:where() :is() — A New CSS

Write a cleaner CSS with :where() and :is() pseudo-classes

Photo by Joshua Aragon

If you haven’t heard about the and pseudo-classes,
don’t feel bad. They were only recently introduced to most browsers.
But they just might be your new favorite thing in vanilla CSS!

In this article, we will learn how to use our new handy tools in writing CSS.


Think about when you want to apply the same styling to multiple elements in your HTML. You’d probably end up with something that looks like this:

With we can write our CSS in a shorter, quicker, and more elegant way.

Imagine all the many lines you’re saving!
This is very similar to how nesting works with preprocessors such as SCSS.

The pseudo-class function (AKA “Matches Any”) takes a selector list and selects any element that can be selected by one of the selectors in that list.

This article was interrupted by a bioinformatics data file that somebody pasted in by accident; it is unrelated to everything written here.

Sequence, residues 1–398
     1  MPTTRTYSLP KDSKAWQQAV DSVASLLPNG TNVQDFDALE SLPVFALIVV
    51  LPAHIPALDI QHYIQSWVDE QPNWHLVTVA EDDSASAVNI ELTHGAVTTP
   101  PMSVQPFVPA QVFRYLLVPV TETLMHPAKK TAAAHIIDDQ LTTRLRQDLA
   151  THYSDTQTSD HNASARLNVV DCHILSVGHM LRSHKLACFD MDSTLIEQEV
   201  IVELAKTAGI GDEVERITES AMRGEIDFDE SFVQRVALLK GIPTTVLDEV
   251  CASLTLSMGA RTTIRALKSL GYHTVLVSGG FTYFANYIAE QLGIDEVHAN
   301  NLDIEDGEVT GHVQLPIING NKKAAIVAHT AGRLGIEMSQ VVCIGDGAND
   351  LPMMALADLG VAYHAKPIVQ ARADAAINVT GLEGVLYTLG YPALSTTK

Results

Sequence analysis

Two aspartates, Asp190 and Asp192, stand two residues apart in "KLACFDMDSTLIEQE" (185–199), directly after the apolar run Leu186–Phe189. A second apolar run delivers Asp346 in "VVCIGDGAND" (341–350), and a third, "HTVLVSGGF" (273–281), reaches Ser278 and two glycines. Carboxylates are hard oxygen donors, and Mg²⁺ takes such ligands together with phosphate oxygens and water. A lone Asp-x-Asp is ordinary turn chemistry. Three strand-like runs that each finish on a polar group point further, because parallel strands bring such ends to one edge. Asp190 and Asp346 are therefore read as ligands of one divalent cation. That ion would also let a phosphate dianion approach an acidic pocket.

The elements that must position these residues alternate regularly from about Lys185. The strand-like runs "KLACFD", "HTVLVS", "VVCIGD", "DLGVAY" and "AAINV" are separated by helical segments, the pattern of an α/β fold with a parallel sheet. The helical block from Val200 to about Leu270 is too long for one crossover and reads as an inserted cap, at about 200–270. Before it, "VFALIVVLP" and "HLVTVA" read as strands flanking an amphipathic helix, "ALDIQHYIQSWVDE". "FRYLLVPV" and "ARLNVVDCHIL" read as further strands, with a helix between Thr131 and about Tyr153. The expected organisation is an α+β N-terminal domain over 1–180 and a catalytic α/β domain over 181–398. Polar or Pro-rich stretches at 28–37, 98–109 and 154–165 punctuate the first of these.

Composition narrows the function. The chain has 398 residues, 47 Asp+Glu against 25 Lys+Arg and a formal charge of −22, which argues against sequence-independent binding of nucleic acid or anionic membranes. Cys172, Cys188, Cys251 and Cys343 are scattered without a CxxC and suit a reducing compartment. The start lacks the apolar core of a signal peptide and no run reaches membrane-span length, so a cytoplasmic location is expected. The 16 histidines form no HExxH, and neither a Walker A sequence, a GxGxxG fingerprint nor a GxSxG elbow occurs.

It can also be chained with other selectors such as , etc.


Just like , takes a selector list as its argument and selects any element that can be selected by one of the selectors in that list.
Our code from before:

After using :

“Wait, this looks exactly the same!”

Yes, you’re right.

So what’s the difference?


takes the specificity of its most specific selector.
has a specificity of 0.

It’s important to keep this small yet very important detail in mind when you’re using and in your code to avoid blocking yourself from applying CSS changes in other places.

As someone that is used to using a preprocessor and nesting, I was really happy to see these two functions being implemented into CSS.

Most browsers already support them, and I heartily recommend you start getting used to using them and make your code cleaner and faster to write!

Full Stack Developer. https://www.roilivne.dev/